How to Track Indoor Air Pollution with a Raspberry Pi

You ever wonder what's actually in the air you breathe every day? I've lived in Beijing for a few years now and I'm always running a couple of air purifiers in my home, but how well do they actually work? Sure some have built in sensors, but how accurate are they? Well with a little Python, a Raspberry Pi, and some moxie, we can find our own answers.

This will focus primarily on measuring PM2.5 (opens new window) and PM10 (opens new window) in the air and converting the values to an Air Quality Index (AQI (opens new window)). For measuring other harmful chemicals like Nitrogen Dioxide (NO2) or Carbon Monoxide (CO), see the "Adding Sensors" section at the end of the article

# Prerequisites

# Configure the Raspberry Pi

Now we can get down to business. Power up your Raspberry Pi, attach your sensor, and crack your knuckles emphatically.

# Setting up Adafruit IO

Create an account on Adafruit IO (opens new window). This is a great site to collect data streams and display them on custom dashboards. After you've created an account, let's create a couple of feeds. We'll need three: a pm2.5, a pm10, and a log feed (I named mine "beijing-twofive", "beijing-ten", and "logs" respectively). After that, you can either create a dashboard now or later and play around with how you want to display the data. This is how I have mine set up.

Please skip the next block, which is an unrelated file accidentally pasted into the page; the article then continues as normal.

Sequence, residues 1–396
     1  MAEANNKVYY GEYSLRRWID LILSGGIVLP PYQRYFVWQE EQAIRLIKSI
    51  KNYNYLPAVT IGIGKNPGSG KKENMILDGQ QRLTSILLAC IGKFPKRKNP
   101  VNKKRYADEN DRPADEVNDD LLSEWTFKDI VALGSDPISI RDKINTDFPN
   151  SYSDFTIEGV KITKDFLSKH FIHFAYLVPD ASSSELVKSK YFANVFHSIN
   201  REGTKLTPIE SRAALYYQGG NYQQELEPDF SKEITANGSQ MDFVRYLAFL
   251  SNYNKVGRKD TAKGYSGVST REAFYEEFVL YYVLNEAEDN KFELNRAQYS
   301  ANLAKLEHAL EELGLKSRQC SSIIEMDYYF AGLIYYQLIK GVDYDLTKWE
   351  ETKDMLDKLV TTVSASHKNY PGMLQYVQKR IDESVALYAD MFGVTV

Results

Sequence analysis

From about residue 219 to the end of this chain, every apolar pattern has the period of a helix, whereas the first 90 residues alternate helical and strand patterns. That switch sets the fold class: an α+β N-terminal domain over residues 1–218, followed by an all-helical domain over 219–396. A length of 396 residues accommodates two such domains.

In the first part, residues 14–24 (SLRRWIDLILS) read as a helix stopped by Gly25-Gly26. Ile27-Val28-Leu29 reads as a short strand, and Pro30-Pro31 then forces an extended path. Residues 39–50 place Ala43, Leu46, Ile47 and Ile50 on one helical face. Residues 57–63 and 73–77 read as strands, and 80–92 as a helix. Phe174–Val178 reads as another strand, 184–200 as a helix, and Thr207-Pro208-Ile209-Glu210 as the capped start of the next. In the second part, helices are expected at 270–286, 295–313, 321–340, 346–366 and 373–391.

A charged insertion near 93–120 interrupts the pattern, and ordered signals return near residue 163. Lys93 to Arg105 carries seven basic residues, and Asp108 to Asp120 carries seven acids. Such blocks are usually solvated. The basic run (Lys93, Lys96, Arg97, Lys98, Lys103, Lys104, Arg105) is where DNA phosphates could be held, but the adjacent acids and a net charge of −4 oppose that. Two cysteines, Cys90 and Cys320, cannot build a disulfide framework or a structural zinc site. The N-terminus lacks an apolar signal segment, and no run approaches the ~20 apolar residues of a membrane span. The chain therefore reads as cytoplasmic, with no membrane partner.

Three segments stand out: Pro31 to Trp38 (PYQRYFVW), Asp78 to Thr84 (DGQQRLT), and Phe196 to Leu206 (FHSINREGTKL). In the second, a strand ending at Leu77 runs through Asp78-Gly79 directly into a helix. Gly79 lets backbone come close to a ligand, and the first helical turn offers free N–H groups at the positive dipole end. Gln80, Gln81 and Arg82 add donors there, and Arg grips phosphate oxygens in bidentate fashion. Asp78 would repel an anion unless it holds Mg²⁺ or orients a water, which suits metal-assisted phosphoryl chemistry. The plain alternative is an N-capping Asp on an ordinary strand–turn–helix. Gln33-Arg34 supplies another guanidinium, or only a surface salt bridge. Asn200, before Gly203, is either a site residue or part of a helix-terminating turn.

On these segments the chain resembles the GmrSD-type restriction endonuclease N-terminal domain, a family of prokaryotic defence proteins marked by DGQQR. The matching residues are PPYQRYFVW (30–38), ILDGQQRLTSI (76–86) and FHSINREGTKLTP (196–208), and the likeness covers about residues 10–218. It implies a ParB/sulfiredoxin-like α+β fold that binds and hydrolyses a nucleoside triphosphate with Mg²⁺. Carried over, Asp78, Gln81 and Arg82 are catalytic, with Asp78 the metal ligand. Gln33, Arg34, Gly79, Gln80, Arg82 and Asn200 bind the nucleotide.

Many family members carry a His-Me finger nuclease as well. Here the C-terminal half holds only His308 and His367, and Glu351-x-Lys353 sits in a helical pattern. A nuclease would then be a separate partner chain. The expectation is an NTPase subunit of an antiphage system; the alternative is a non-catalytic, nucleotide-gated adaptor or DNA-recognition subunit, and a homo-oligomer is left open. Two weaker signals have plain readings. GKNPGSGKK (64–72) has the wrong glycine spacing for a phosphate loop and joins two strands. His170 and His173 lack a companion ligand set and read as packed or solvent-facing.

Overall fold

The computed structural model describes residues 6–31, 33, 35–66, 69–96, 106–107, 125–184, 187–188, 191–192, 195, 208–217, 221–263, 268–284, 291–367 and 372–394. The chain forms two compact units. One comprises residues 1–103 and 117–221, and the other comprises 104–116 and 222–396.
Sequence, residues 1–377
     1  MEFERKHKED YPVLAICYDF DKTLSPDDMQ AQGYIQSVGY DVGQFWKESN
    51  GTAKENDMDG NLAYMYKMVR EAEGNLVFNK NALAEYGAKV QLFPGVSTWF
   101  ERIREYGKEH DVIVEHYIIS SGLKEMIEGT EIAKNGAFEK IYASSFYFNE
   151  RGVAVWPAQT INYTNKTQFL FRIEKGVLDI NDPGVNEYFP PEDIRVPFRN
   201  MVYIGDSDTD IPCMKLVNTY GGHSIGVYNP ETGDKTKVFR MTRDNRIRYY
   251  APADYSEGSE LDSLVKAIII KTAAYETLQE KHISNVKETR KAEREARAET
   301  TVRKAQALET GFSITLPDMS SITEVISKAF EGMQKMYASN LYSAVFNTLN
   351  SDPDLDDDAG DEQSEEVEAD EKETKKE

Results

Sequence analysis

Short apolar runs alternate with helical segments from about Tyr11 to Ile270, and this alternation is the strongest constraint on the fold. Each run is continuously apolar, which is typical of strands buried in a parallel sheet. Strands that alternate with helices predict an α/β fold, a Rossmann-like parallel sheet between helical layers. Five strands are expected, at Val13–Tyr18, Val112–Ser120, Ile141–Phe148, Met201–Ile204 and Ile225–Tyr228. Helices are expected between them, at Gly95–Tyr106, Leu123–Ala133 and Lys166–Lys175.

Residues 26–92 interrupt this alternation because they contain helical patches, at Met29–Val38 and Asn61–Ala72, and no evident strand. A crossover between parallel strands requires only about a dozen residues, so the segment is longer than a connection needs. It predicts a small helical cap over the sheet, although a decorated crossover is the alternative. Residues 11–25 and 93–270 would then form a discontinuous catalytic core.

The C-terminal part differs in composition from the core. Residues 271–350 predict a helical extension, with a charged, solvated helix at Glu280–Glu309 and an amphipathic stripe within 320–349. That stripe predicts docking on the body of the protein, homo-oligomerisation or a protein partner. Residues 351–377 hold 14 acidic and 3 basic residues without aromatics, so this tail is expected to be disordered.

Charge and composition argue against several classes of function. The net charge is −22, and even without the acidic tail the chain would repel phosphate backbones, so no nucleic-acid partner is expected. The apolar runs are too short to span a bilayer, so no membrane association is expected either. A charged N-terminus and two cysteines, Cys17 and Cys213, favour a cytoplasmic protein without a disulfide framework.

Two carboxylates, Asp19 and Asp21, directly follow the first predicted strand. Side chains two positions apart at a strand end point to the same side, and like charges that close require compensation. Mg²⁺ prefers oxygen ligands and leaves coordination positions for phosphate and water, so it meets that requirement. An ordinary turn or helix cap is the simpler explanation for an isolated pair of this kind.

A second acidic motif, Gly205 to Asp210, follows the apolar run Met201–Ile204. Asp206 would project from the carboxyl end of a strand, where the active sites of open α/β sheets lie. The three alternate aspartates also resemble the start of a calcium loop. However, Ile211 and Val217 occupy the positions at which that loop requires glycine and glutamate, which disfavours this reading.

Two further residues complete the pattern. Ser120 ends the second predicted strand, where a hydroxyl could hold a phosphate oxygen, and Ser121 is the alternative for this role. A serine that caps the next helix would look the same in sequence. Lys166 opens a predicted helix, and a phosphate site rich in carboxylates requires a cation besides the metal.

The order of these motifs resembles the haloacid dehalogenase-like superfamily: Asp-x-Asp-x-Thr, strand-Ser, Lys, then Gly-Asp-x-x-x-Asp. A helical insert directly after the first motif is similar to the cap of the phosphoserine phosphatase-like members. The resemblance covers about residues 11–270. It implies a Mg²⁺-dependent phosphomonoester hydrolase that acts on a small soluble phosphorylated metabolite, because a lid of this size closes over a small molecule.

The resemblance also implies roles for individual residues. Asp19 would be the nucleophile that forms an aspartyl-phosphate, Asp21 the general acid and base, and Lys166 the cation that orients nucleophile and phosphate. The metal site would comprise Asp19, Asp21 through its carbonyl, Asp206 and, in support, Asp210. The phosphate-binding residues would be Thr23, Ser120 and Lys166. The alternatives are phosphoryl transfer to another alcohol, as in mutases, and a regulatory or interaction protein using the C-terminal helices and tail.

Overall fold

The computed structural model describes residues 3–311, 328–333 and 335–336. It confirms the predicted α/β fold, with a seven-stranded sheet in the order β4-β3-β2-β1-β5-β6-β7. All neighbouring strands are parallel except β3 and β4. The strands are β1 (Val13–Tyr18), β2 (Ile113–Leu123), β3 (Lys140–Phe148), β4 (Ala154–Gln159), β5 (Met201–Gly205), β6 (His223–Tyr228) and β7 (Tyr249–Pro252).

Adafruit IO Dashboard

# Configure your Raspberry Pi

Configure (opens new window) your Raspberry Pi with the installers on the product website. Once configured with either Raspbian or a Linux distribution of your choice (this project should be compatible with most distributions, but it's only been tested on Debian, Raspbian, and MacOS), install the following dependencies:

# Download the Code and Install Dependencies

SSH into your Raspberry Pi (or login if GUI is installed and open your terminal) and download the repo in your home directory:

git clone

Then install the python dependencies:

pip3 install -r requirements.txt

# Configure ENV with Adafruit Keys and Feed Names